One hundred and three years ago today, “The War to End All Wars” ended. The armistice that brought about the end of World War I went into effect in 1918 on November 11, 11 a.m.
Several nations still mark this day and use it as a chance to remember this significant event. In places like Canada and Britain, it is known as “Remembrance Day.” In the United States, our calendars mark every 11/11 as “Veterans Day.”*
People observe this day and honor those who serve in various ways—ceremonies, moments of silence, creating displays featuring red poppies.
Along with this day of remembrance, the years of World War I also gave rise to another symbol to recognize those who served and sacrificed: the blue star and gold star banners.
This tradition was brought back to my attention when driving through Bremerton, WA. While some towns I have visited have flower baskets or decorative banners hanging from light posts on the streets, when I took the exit into Bremerton I noticed these.
The blue star banner was designed and patented in 1917 by Robert L. Queisser. Queisser was a veteran himself, and he had two sons serving overseas. The banners became quite popular. Bearing one star for each family member serving in the armed forces, these banners decorated the windows of homes.
Farther down the road into Bremerton, several banners hang bearing gold stars. In 1918, President Woodrow Wilson approved the practice of mothers who had lost a child to the war adding a gold star to their black mourning armband. The stars on the banners also took on a new significance as families who had lost loved ones to the war began adding gold stars over the top of the blue to mark their ultimate sacrifice.
The banners increased in popularity during World War II. In fact, the banner pictured at the top of this article is the banner used by Joy Neal Kidney’s family in WWI, repurposed by her grandmother to be used again during WWII while her five sons served.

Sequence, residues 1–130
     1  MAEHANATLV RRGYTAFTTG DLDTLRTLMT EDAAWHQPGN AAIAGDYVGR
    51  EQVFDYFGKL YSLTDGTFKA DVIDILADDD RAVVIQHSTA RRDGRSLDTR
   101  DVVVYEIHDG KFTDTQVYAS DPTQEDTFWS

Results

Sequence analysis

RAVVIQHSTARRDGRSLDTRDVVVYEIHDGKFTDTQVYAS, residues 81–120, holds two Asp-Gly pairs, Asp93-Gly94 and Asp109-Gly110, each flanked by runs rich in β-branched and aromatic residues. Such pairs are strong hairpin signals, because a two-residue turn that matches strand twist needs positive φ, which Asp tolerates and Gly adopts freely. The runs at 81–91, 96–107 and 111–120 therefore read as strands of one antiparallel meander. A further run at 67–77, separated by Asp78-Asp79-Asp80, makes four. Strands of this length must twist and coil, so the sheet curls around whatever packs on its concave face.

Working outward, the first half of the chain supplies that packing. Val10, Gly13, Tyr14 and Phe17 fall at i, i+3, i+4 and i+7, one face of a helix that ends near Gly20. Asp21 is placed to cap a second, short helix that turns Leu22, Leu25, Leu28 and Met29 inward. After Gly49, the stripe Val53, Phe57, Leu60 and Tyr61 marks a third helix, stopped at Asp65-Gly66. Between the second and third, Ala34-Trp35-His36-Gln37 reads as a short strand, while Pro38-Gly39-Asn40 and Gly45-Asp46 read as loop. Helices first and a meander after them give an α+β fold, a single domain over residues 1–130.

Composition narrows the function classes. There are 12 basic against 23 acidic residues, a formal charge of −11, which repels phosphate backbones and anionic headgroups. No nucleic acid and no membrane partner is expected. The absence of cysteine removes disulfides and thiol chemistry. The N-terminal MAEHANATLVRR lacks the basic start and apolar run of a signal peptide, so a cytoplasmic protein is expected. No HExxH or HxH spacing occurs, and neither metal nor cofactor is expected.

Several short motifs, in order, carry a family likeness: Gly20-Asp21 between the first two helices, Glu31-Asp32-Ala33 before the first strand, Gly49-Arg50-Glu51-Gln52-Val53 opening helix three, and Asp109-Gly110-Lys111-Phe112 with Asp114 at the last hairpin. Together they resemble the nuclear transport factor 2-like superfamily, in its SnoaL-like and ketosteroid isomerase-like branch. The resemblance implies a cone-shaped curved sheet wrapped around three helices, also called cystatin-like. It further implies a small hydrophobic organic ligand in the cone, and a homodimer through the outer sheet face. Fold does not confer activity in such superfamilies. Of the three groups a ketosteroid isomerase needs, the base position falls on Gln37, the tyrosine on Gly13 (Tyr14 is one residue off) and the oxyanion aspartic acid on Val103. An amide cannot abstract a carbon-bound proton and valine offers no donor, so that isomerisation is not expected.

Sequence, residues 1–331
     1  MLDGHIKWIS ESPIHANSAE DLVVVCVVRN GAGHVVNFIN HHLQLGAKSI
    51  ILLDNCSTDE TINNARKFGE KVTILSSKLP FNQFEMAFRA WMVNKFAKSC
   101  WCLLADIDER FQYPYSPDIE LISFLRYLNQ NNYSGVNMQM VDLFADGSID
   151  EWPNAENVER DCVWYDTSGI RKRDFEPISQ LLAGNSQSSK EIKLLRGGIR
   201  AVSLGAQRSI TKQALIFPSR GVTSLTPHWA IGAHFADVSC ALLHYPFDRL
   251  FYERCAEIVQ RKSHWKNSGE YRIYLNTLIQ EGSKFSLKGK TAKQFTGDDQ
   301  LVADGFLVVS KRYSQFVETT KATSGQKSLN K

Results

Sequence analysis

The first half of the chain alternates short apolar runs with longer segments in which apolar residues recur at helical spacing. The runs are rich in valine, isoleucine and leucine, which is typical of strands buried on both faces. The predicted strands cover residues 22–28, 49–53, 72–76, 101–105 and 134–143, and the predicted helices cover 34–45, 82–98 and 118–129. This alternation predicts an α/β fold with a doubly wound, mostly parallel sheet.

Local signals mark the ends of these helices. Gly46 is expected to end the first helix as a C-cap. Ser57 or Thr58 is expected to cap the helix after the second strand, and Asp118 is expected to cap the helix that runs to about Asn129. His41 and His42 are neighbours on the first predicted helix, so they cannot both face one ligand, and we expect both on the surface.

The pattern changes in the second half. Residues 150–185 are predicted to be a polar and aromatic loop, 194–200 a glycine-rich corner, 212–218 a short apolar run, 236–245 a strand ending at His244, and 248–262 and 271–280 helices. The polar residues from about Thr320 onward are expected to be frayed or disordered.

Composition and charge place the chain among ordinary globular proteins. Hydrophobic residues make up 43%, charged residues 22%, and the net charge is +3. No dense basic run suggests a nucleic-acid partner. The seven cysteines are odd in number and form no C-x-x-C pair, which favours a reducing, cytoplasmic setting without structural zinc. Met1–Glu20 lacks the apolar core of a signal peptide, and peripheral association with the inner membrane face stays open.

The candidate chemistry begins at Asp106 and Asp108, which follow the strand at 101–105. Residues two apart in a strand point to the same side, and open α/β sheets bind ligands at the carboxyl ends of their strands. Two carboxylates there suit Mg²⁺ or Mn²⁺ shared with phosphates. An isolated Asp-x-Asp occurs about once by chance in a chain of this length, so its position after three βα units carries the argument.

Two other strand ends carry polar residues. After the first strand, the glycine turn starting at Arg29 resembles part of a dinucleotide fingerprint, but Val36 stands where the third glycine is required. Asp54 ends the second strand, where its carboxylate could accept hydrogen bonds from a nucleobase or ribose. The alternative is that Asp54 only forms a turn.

Use of these banners fell off in the following decades, during the wars in Korea and Vietnam. However, they’ve received increased interest since 9/11, and the Blue Star Banner Program, which encompasses not only Bremerton, but several other Washington cities, seeks to use them again to publicly remember and recognize local people who are serving and have sacrificed. Their site, bluestarbanner.org, tells the story of this program, and shares the individual stories of the men and women who are recognized with these banners.
On this Veterans Day, I’m so thankful for the chance to stop and appreciate—for a moment at least—our hard-won freedoms, and to thank God for those who sacrificed to preserve them.
*Originally, Veterans Day was named “Armistice Day.” This changed in 1954. The U.S. Department of Veterans Affairs has an informative article on the history of the day.
For more information, here are some other interesting sources
about Robert Queisser and with more facts about the Blue Star Banner from the American Legion
Anne Clare is the author of two fascinating historical novels about WWII: Whom Shall I Fear? and her brand new one, Where Shall I Flee?
Her website (The Naptime Author) and her Amazon Author page.
The Wilson family service flag is now owned by the Dexter Historical Museum, Dexter, Iowa.
The star banners are a tradition that should be brought back and continued. I particularly like what Bremerton has done.
During WWII my father served in the Army. Grandfather owned a grocery store and put up a blue star and a photo of my dad in uniform with some small American flags in the store window. Grandfather was proud of his son and it helped business a little …
My father was horrified and embarrassed about it when he came home on leave and saw it. Father wasn’t a combat solider, but rather a radio operator and never really felt his service rose to the same level as the combat troops.
He often quoted Milton here: “Those who stand and wait, also serve.”
It depended on where the radio operator was sent. Mom’s youngest brother so wanted to serve during WWII. “What will my grandchildren say?” he insisted. He was one of the three who never came home, but was killed when the engine of his P-40 threw a rod and exploded, in Texas. A training accident.
I ment Radar operator, sorry about that. He was sent to the Alaska department and was no where near any fighting.
It was tense there as well! Be thankful he did it, as Alaska was one of the targets of the Japanese. Didn’t they get to the Aleutians?
Early in the war they did. Father went up in mid ’43 as part of the Coast artillery to project the air bases being built there. After 42, there was little to no enemy activity there. He mostly fought cold and snow.
I never knew about the banners until you shared/have shared about them. I wish this was still happening and was in the news more so people would know about it.